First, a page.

A woman was reportedly denied entry to the Golden Temple in Amritsar for having a tricolor painted on her face. The incident sparked controversy and debate about the right to express national pride within a religious context.
Here is what we know about the incident so far.
Details of the incident
According to reports from Times of India, the woman had come to the Golden Temple after witnessing the flag-lowering ceremony at Attari and had painted the tricolor on her cheek.
A video shows the woman and a man arguing with a sewadar (temple employee) who reportedly refused to allow her to enter the temple.The sewadar allegedly objected to the woman using the word "bakvas" (meaning nonsense) and stated that this was Punjab, not India.
The woman and the man argued that the Golden Temple is a symbol of the nation's unity and that the tricolor represents India's national identity.
SGPC issues clarification
The SGPC (Shiromani Gurdwara Parbandhak Committee) general secretary Gurcharan Singh Garewal stated that Sikhs had always been at the forefront of India's freedom struggle and had made significant sacrifices to attain independence. He also mentioned that the use of three colors resembling India's national flag does not necessarily mean that the employee in question had insulted the national flag.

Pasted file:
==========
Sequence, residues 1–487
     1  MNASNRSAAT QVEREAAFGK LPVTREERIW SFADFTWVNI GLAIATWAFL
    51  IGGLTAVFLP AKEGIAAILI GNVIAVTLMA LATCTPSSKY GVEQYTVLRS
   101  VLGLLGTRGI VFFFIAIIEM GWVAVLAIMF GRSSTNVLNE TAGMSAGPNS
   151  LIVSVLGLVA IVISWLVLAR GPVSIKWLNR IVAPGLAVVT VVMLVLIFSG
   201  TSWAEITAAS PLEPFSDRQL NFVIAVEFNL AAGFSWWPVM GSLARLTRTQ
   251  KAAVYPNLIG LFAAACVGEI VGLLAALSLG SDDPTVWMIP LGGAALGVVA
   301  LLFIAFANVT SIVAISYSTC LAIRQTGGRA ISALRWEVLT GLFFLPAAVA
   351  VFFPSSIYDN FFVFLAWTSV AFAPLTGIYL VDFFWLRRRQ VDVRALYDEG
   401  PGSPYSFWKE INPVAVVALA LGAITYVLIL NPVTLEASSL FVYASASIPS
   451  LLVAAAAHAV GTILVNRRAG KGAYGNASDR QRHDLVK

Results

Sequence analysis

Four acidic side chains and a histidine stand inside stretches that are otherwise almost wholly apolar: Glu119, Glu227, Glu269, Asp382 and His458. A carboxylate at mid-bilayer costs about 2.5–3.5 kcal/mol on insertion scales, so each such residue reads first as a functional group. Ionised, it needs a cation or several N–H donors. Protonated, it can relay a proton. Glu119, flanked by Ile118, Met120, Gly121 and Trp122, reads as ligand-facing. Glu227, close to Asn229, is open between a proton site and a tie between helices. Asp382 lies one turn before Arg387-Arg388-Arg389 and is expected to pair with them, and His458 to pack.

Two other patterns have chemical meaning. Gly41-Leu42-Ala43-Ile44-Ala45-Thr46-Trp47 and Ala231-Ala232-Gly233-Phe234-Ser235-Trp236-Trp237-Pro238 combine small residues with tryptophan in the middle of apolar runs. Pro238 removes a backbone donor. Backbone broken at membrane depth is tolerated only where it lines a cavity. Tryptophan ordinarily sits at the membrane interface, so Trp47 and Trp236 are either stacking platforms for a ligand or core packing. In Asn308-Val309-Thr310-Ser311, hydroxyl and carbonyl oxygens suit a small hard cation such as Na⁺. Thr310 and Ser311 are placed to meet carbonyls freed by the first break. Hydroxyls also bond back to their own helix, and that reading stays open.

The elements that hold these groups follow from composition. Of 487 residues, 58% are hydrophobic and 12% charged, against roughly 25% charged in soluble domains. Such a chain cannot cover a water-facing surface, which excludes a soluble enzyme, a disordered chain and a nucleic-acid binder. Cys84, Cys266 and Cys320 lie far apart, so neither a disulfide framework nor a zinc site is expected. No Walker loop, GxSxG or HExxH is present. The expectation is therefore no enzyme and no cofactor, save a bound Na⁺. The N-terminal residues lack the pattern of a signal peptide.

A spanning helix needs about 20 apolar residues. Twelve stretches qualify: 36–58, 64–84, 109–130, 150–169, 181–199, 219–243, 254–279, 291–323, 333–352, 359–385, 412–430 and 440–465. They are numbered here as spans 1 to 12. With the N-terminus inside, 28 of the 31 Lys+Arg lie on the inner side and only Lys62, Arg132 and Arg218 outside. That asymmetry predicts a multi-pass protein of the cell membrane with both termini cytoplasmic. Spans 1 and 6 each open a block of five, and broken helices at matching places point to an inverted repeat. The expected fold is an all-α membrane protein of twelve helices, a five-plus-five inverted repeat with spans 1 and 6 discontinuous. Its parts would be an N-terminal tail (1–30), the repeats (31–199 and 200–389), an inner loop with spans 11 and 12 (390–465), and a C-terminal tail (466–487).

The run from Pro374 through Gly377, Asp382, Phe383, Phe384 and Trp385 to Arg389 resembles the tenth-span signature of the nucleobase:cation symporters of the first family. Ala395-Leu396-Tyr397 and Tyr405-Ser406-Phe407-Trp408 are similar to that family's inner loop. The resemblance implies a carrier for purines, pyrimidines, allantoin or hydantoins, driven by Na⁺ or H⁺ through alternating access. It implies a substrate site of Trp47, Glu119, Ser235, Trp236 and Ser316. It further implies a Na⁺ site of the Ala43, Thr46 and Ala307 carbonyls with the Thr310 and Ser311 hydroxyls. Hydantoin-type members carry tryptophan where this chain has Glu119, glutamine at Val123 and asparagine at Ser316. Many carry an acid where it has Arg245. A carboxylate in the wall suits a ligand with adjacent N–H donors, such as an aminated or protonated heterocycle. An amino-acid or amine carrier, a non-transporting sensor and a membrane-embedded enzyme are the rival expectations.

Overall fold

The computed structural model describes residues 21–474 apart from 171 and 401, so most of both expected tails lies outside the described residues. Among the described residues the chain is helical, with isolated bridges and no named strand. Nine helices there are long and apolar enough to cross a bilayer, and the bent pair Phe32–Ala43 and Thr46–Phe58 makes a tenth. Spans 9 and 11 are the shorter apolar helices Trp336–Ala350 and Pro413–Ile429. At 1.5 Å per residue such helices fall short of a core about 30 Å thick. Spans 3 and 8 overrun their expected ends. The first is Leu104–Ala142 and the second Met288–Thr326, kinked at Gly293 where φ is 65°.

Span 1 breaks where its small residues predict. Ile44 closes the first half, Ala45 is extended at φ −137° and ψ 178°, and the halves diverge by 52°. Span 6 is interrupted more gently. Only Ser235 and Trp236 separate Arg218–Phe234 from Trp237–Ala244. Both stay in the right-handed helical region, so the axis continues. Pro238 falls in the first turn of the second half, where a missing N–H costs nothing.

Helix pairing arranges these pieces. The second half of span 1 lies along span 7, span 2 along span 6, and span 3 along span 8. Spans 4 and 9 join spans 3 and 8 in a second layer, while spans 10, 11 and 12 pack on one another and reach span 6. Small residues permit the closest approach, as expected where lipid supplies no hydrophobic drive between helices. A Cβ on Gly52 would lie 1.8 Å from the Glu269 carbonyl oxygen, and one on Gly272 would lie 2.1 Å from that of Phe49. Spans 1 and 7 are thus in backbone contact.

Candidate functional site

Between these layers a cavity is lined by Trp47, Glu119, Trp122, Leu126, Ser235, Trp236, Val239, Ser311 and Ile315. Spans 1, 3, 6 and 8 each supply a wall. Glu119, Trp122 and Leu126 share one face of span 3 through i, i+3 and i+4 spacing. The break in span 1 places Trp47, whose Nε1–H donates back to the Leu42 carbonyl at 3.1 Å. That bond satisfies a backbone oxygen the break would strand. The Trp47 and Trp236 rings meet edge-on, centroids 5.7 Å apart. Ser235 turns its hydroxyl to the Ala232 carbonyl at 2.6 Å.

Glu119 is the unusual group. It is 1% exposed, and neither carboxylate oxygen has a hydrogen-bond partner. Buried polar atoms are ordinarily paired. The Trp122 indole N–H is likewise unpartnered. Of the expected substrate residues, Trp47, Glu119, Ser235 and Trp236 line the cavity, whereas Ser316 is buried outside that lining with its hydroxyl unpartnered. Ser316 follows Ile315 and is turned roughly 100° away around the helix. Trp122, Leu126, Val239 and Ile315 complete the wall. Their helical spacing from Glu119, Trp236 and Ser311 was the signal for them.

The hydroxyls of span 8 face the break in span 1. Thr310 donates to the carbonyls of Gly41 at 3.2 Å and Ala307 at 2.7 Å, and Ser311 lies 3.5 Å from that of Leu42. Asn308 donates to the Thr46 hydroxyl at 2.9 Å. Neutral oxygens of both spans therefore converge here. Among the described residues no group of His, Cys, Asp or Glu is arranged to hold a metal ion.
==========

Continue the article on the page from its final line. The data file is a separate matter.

"This is a Sikh shrine. Every religious place has its own decorum...We welcome everyone...We apologise if an official misbehaved...The flag on her face was not our national flag as it didn't have Ashoka Chakra. It could have been a political flag," Gurcharan Singh Grewal, SGPC General Secretary said on the viral video.
On the other hand, the general secretary of the Golden Temple apologized for the incident, stating that if anyone's feelings were hurt due to the behavior of an employee, he apologizes for the same.
(With ANI inputs)
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